Conclusions and Relevance  Sildenafil use may be associated with an increased risk of developing melanoma. Although this study is insufficient to alter clinical recommendations, we support a need for continued investigation of this association.
http://archinte.jamanetwork.com/article.aspx?articleid=1857095&resultClick=3


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Thursday, May 29, 2014

Hi Tech Pharmaceuticals Ordered to Pay $40M in Sanctions

A USDCT Judge in Georgia has imposed a $40 million sanctions against Hi-Tech Pharmaceuticals, Inc. (“Hi-Tech”), Jared Wheat, Sean Smith, and Dr. Terrell Mark Wright. The sanction arose from the defendants’ failure to comply with orders obtained by the U.S. Federal Trade Commission (FTC) requiring that they cease making unsubstantiated claims about their products and include a health-risk warning on products containing yohimbe.
On November 11, 2004, the FTC filed a complaint alleging that several defendants had violated Sections 5 and 12 of the Federal Trade Commission Act (hereinafter “the FTC Act”), 15 U.S.C. §§ 45(a) and 52, by making false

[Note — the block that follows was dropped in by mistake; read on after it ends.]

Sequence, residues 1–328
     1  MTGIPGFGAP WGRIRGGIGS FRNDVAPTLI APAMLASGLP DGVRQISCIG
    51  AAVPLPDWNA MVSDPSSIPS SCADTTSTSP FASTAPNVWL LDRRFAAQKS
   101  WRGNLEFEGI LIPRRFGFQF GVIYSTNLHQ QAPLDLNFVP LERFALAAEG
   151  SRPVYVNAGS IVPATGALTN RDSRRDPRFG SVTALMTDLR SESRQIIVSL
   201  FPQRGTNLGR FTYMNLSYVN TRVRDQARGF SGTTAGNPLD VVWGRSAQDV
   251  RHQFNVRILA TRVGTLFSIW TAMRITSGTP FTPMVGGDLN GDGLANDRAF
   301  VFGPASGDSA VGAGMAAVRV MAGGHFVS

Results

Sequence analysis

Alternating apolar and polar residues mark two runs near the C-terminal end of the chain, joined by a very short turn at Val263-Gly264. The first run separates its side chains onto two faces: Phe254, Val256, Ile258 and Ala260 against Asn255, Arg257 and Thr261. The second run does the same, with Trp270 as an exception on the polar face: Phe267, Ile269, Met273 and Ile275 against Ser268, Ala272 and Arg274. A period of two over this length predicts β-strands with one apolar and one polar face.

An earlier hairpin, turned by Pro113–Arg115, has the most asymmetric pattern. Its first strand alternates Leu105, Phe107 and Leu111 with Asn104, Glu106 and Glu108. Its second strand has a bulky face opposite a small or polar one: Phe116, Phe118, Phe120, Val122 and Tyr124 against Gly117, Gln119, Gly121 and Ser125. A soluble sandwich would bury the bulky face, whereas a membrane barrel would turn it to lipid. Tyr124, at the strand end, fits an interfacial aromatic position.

and unsubstantiated claims in connection with their advertising and sale of various dietary supplements.
The court entered two separate final judgment and permanent injunctions against the defendants on December 16, 2008, enjoining them from several activities related to their previous violations of the FTC Act. The first final judgment and permanent injunction is against National Urological Group, Inc., Hi-Tech, Wheat, Thomasz Holda, and Smith hereinafter “the Hi-Tech Order”). The second final judgment and permanent injunction is against Wright (hereinafter “the Wright Order.”) Section II of each of the injunction orders prohibied the defendants from advertising weight-loss products using claims that the products cause rapid or substantial weight loss and fat loss or claims that the products affect metabolism, appetite, or fat unless those claims are substantiated with “competent and reliable scientific evidence.”

Here's the Order:

Wednesday, May 28, 2014